5-The Vietnam War

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The Vietnam War:

Why did the U.S. become involved in the nation of Vietnam? The Vietnam War

Do Now:

Do Now Who is stuck in the web in this cartoon? What is written in the web? Read the 3 lines in the bottom of the cartoon. What do you think they suggest about war? What do you think the illustrator is trying to tell the reader about Vietnam?

Notes:

Notes 1. Throughout the Cold War, the U.S. followed a policy of containment. 2. Under the Truman Doctrine , the U.S. pledged to stop the spread of communism in any part of the world. 3. One nation in which the U.S. tried to contain communism was Vietnam.

Vietnam? :

Vietnam?

Notes:

Notes 4. In Vietnam, France was fighting against a communist uprising by Vietnamese workers . The nation ended up split into two sides: A. North Vietnam (communist) B. South Vietnam (capitalist) 5. The U.S. began to give money to South Vietnam in order to help them fight the communists. The Viet Minh, a group of rebel Vietnamese communists. Ho Chi Minh, leader of this group, later called the Viet Cong COMMUNIST CAPITALIST

Notes:

Notes 6. The U.S. reason for supporting South Vietnam was the domino theory , which claimed that if one nation fell to communism, all the ones around it would too. 7. Presidents Truman, Eisenhower, and John F. Kennedy (elected in 1960) continued this aid to the South Vietnamese.

The Domino Theory:

The Domino Theory

Notes:

Notes 8. After Kennedy was assassinated in 1963, Vice President Lyndon Baines Johnson (LBJ) took over. 9. In 1964, Johnson’s advisors wanted him to start bombing North Vietnam but they needed a reason to start this attack . You want me to do what?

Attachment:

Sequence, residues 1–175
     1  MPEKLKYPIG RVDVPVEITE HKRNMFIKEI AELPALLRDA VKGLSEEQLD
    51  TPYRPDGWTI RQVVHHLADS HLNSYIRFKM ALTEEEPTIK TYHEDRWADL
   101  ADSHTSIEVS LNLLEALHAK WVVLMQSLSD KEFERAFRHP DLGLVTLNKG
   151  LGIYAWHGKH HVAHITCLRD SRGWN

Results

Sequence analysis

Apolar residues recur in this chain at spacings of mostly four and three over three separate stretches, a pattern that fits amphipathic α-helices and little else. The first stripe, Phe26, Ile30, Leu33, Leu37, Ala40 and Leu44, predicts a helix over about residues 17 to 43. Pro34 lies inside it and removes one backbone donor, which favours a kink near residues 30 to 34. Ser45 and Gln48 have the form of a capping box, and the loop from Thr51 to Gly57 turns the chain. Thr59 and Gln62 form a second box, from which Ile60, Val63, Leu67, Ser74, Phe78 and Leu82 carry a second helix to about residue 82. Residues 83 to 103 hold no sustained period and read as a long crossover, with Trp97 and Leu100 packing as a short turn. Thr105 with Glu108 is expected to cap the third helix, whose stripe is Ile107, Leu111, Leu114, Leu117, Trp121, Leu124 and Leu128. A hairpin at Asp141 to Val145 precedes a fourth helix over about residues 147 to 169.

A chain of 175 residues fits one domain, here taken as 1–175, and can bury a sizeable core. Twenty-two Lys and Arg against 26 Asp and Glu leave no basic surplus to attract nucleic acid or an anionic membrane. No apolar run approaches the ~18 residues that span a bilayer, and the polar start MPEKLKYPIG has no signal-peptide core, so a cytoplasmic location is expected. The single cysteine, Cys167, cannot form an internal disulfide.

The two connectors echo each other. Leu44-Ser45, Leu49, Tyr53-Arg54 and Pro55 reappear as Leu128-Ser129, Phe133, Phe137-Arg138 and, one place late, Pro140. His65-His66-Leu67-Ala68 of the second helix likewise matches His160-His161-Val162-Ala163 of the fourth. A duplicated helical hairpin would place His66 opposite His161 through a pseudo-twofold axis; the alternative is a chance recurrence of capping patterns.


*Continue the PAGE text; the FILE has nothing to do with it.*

Notes:

Notes 10. On August 4, 1964, reports from the military claimed that Northern Vietnamese boats had attacked a U.S. Navy ship in the Gulf of Tonkin. 11. It is unclear exactly what happened this night, but it gave LBJ a reason to start the attack of North Vietnam.

A Reason For War? :

A Reason For War? What does this incident remind you of?

Notes:

Notes 12. In March 1965, LBJ started sending U.S. troops to Vietnam, and through a policy called escalation , he quickly increased the numbers of troops sent . 13. By 1968, there were more than 500,000 American soldiers in Vietnam.

D o c u m e n t 1:

D o c u m e n t 1

Document 2:

Document 2 The Gulf of Tonkin Incident was two separate occurrences involving naval forces of the Democratic Republic of Vietnam (North Vietnam) and the United States in the waters of the Gulf of Tonkin that prompted the first large-scale involvement of U.S. armed forces in Southeast Asia. On August 2, 1964, the destroyer USS Maddox (DD-731) engaged three North Vietnamese P-4 torpedo boats, resulting in damage to the three boats. Two days later the Maddox (having been joined by the destroyer USS Turner Joy (DD-951) reported a second engagement with North Vietnamese vessels. This second report was later claimed to be in error. The outcome of the incident was the passage by Congress of the Southeast Asia Resolution (better known as the Gulf of Tonkin Resolution), which granted President Lyndon B. Johnson the authority to assist any Southeast Asian country whose government was considered to be jeopardized by "communist aggression," including the commitment of U.S. forces without a declaration of war. The resolution served as Johnson's legal justification for escalating American involvement in the Republic of Vietnam (South Vietnam). It gave the President the exclusive right to use military force without consulting the Senate, although based on a false pretext, as he later admitted. In 2005, an official NSA declassified report ] revealed that the Maddox had engaged the North Vietnamese on August 2, but that there may not have been any North Vietnamese vessels present during the engagement of August 4. The report stated [I]t is not simply that there is a different story as to what happened; it is that no attack happened that night. [...] In truth, Hanoi's navy was engaged in nothing that night but the salvage of two of the boats damaged on August 2. Just a few days after the incident, President Johnson commented privately: "For all I know, our Navy was shooting at whales out there.”

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